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Tuesday, February 22, 2011

Milk Punch



Friday, February 22nd, 1861. To day I went home and found Bill at work on the mill house. In the evening the little woman & Florence with Father, Mother & Toby came up. They returned home late in the evening. This being my birth day I took a milk punch. weather changable & warm for the time of year. James Madison Hall

This photo shows the 500+ pages of my copy of the 1860-1866 Journal of James Madison Hall . . . on today's page, he mentions that he took a milk punch in honor of this being his birthday . . . what is a milk punch? . . .

Cool. From PETERSON'S MAGAZINE, March 1868 . . . Put two quarts of French brandy, eighteen lemons, three-quarters of a pound of best loaf sugar, and three pints new milk to two quarts of water. Strain this frequently through a jelly bag until it becomes clear and fine. Make two or three days before it is required, and bottle it off.

Warm. From PETERSON'S MAGAZINE, March 1868 . . . Throw into two quarts of new milk the very thinly pared rind of a fine lemon, and half a pound of good sugar, in lumps; bring it slowly to boil; take out the lemon rind, draw it from the fire, and stir quickly in a couple of well-whisked eggs, which have been mixed with less than half a pint of cold milk, and strained through a sieve; the milk must not of course be allowed to boil after these are mixed with it. Add gradually a pint of rum, and half a pint of brandy. Mix the punch to a froth and serve it immediately with quite warm glasses.

See also . . . Benjamin Franklin's Milk Punch Recipe . . .

6 comments:

  1. Here is a modern version of the recipe . . .

    1 cup fresh milk
    Dash of cream
    1 ounce light rum
    1 ounce bourbon
    Maple syrup
    Freshly grated nutmeg
    Ice

    Combine everything but the nutmeg in a glass and stir to combine. Add the maple syrup to taste. Grate the nutmeg over the top to add fragrance and a tiny hit of heat and spice.

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  2. I played with my flip-pal for today's photo . . . these journal pages are printed on legal size paper (8.5x14) . . . and the bed on my desk-top scanner is 8.5x11 . . . so I removed the cover from my flip-pal and scanned today's journal page in six different sections . . . and then stitched them together . . . and then created a multiple exposure collage in Picasa using the stitched image and a vintage-looking scan of old paper . . . then I printed that collage on photo paper . . . and trimmed the image with deckle-edge craft scissors . . . that stitched / collaged / deckled image is laying on top of the plain white copies I work from when preparing the daily entries from that 150-year-old journal . . .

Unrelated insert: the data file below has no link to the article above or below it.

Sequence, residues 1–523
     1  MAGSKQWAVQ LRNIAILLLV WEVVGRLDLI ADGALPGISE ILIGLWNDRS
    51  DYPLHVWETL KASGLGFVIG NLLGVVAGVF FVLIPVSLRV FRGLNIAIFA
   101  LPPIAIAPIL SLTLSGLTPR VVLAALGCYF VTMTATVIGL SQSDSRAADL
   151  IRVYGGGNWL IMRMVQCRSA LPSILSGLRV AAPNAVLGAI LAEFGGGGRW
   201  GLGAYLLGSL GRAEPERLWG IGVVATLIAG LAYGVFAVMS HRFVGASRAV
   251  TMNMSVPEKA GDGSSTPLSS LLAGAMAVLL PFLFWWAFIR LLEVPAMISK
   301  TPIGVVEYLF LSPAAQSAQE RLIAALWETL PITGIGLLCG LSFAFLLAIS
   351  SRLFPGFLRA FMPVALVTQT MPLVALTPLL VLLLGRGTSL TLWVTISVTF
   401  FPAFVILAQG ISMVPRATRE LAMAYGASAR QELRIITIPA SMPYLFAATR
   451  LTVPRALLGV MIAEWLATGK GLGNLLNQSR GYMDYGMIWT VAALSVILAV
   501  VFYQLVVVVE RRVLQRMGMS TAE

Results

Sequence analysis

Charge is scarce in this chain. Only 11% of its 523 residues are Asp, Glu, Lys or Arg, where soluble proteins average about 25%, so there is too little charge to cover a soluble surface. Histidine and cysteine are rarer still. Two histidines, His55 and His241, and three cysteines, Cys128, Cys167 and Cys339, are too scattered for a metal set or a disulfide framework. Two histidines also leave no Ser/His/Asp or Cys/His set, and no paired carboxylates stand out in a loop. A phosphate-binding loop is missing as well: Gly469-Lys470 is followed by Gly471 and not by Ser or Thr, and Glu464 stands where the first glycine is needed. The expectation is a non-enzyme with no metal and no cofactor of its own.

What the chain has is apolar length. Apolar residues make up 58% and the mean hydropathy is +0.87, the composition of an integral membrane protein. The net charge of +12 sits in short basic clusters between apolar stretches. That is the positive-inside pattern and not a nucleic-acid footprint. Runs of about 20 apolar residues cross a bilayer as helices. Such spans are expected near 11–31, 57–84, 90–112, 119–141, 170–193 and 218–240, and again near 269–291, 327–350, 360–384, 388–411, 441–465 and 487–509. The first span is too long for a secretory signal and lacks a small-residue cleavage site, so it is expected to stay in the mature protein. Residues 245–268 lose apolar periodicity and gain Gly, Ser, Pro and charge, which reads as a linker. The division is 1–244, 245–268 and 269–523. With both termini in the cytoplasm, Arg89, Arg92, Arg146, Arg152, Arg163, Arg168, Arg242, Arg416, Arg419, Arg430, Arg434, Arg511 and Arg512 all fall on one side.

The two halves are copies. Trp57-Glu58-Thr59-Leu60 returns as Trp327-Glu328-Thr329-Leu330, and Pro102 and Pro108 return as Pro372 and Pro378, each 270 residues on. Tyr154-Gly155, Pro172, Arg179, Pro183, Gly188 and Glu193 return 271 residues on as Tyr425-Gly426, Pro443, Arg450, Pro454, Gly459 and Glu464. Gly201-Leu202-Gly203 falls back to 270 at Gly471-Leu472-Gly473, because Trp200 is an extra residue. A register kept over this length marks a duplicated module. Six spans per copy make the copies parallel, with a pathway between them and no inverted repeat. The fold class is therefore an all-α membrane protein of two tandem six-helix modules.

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  3. That is a lot of work, but, the photo is outta this world fab!!

    Love the recipes too!

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  4. This journal has been in my possession for 10+ years . . . it was sooo overwhelming to think of sitting down and typing out seven years worth of daily entries . . . but when it dawned on me that the sesquicentennial of the war between the states was approaching, I made it my goal / plan to publish one entry per day on the 150th anniversary of each individual entry . . . only six more years to go!

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  5. WOW!!! I am impressed.

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  6. What a wonderful treasure and project this journal is, Vickie... I very much look forward to what James Madison Hall did on a daily basis as you post. I would so love to have discovered a journal in our family...I don't think any of my ancestors were journal keepers...very sad. You are doing an amazing job, and the gift you are giving and leaving for the generations to come, is priceless.

    It's great that you got the Flip-Pal mobile scanner worked out...I have scanned many photos and I love it...it's wonderful! I love that it sits next to me on my desk...it's so very convenient.

    I have yet to attempt the "stitching" option...I have an old picture (drawing) of my birth town, Augsburg as it was in the late 1800's, I am guessing. I am going to try scanning that with my Flip-Pal and stitch it together...we will see what happens. Thanks for a great post.

    Oh, and a very interesting drink...I had never heard of it until now.

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